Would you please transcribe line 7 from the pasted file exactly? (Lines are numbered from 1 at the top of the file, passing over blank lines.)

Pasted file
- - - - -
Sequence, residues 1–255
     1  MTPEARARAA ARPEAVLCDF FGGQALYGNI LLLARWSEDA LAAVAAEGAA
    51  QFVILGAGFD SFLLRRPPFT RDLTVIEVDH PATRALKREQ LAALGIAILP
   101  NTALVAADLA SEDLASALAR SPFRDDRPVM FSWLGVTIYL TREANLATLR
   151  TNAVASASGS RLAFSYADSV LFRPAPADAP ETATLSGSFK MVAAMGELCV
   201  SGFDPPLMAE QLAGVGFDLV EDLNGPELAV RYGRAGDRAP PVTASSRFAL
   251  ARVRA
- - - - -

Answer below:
   251  ARVRA